Read e-book Just Food: Where Locavores Get It Wrong and How We Can Truly Eat Responsibly

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He points out that you can get more food out of an acre of land growing vegetables than you can grazing cattle.

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Basically, I was not impressed with this book. McWilliams does have some good points about some fairly important issues on creating a sustainable food system. Yet his anti-locavore rhetoric detracts from his goal.

UO Today #482: James E. McWilliams

Open Navigation. Book Reviews. As responsible consumers, we really have no choice but to confront the reality bluntly articulated by World Watch:. As Gidon Eshel, a geographer at Bard College, writes, "However close you can be to a vegan diet and further from the mean American diet, the better you are for the planet.

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And therein lies the needle in McWilliams' hyperbolic, straw-man-stuffed haystack: If you want to eat ethically, ease up on the meat, dairy and other animal products. McWilliams evidently made the calculus that it would be more lucrative to demonize farmers market fanatics than mindless meat eaters, but his opportunistic posturing ultimately overwhelms the more thoughtful analyses contained in this book. Just Food is a tedious, tendentious read that doesn't compel and probably won't sell.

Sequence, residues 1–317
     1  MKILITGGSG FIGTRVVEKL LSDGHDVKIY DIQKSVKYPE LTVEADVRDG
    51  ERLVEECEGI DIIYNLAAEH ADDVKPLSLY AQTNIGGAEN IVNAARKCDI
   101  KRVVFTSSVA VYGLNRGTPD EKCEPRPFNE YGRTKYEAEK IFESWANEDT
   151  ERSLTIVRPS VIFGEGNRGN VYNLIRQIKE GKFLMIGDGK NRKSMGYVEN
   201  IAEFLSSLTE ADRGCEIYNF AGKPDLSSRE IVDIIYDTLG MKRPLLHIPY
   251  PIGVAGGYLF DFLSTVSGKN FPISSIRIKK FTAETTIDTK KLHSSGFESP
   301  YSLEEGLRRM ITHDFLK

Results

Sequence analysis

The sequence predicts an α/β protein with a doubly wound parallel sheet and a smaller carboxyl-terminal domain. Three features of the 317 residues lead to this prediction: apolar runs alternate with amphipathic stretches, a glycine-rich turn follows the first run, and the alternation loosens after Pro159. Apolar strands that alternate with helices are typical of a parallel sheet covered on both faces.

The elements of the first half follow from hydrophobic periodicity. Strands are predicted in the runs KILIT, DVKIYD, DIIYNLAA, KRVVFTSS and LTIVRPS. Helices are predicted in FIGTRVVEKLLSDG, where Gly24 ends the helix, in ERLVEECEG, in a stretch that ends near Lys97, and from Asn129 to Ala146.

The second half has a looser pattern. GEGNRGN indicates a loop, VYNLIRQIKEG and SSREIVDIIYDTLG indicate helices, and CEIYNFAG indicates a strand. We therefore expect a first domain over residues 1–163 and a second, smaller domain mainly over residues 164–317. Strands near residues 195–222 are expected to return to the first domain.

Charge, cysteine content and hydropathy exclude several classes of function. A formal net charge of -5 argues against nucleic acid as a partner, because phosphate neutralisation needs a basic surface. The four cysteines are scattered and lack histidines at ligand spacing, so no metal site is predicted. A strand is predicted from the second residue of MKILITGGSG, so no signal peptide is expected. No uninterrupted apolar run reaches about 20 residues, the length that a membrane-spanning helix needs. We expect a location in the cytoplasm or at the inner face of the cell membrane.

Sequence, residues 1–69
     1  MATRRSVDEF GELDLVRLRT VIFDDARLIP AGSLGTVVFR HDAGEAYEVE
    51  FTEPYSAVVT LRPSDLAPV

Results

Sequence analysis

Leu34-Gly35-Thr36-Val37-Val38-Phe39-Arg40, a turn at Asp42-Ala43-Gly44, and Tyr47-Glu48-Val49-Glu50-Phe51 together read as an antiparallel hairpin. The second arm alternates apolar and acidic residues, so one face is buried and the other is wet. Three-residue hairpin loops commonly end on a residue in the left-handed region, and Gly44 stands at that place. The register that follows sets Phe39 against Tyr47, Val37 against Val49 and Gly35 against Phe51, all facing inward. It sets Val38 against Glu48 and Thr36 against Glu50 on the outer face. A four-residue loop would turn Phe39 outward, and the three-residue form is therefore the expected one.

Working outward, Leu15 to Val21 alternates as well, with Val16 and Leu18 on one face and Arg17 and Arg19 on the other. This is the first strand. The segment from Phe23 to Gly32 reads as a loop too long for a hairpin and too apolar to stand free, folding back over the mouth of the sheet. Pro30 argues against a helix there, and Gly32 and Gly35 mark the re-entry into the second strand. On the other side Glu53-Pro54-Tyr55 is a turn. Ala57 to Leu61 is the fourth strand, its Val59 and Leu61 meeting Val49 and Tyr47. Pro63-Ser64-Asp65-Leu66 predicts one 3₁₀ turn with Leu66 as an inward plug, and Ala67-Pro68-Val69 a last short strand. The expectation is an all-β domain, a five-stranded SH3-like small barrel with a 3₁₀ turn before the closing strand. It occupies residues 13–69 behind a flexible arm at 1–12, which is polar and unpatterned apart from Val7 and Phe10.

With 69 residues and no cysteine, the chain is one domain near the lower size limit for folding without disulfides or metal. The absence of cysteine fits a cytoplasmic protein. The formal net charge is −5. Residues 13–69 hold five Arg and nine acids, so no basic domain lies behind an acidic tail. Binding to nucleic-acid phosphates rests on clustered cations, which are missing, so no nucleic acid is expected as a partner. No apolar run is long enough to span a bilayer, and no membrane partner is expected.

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  • JUST FOOD by James E. McWilliams | Kirkus Reviews?

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Just Food: Where Locavores Get It Wrong and How We Can Truly Eat Responsibly

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A lot of 'Just Food' seems just out to pick irrelevant fights. Pork lobby paid for research McWilliams's contrived contrarian take on the eat local movement won't surprise anyone who followed the flap over his disingenuous op-ed in the New York Times alleging that free-range pork poses greater health risks than pork from factory farms.

Just Food: Where Locavores Get It Wrong and How We Can Truly Eat Responsibly (Paperback)

Just Food also poses hilariously boneheaded questions such as: "What would happen to local traffic patterns if every consumer in Austin made daily trips in their SUVs to visit small local farms to buy locally produced food? Farmers market fisticuffs? In Chapter 4 of Just Food , entitled "Meat -- The New Caviar," McWilliams tallies up the cost of our unprecedented appetite for animal products and concludes: "Environmentalists who ignore the ecological costs of producing meat are in denial of one of the greatest threats to the world's ecosystems and to the prospect of eating ethically.

As responsible consumers, we really have no choice but to confront the reality bluntly articulated by World Watch: "'It has become apparent that the human appetite for animal flesh is a driving force behind virtually every major category of environmental damage now threatening the human future. Read more: Food , Environment.

Book Excerpt: ‘Just Food’ by James E. McWilliams - WSJ

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